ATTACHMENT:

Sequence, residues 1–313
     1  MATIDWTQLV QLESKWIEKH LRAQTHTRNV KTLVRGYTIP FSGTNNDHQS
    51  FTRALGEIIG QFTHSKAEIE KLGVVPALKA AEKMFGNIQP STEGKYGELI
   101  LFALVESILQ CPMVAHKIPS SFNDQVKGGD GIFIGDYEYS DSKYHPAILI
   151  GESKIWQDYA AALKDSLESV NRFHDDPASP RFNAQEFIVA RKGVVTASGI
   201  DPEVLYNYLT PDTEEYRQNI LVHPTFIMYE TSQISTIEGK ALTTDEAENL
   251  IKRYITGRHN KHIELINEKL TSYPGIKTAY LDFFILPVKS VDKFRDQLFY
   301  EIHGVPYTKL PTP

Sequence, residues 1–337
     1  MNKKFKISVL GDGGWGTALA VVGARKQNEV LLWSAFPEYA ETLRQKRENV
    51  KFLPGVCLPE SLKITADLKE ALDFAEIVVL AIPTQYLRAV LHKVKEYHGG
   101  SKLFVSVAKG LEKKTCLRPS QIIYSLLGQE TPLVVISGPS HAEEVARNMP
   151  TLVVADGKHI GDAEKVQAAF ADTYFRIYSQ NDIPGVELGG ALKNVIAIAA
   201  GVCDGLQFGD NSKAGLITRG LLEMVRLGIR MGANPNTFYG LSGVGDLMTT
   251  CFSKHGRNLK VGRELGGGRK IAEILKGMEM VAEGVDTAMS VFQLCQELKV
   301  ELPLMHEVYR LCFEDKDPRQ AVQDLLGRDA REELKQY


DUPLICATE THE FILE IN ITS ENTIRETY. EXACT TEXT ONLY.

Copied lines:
Sequence, residues 1–313
     1  MATIDWTQLV QLESKWIEKH LRAQTHTRNV KTLVRGYTIP FSGTNNDHQS
    51  FTRALGEIIG QFTHSKAEIE KLGVVPALKA AEKMFGNIQP STEGKYGELI
   101  LFALVESILQ CPMVAHKIPS SFNDQVKGGD GIFIGDYEYS DSKYHPAILI
   151  GESKIWQDYA AALKDSLESV NRFHDDPASP RFNAQEFIVA RKGVVTASGI
   201  DPEVLYNYLT PDTEEYRQNI LVHPTFIMYE TSQISTIEGK ALTTDEAENL
   251  IKRYITGRHN KHIELINEKL TSYPGIKTAY LDFFILPVKS VDKFRDQLFY
   301  EIHGVPYTKL PTP

Sequence, residues 1–337
     1  MNKKFKISVL GDGGWGTALA VVGARKQNEV LLWSAFPEYA ETLRQKRENV
    51  KFLPGVCLPE SLKITADLKE ALDFAEIVVL AIPTQYLRAV LHKVKEYHGG
   101  SKLFVSVAKG LEKKTCLRPS QIIYSLLGQE TPLVVISGPS HAEEVARNMP
   151  TLVVADGKHI GDAEKVQAAF ADTYFRIYSQ NDIPGVELGG ALKNVIAIAA
   201  GVCDGLQFGD NSKAGLITRG LLEMVRLGIR MGANPNTFYG LSGVGDLMTT
   251  CFSKHGRNLK VGRELGGGRK IAEILKGMEM VAEGVDTAMS VFQLCQELKV
   301  ELPLMHEVYR LCFEDKDPRQ AVQDLLGRDA REELKQY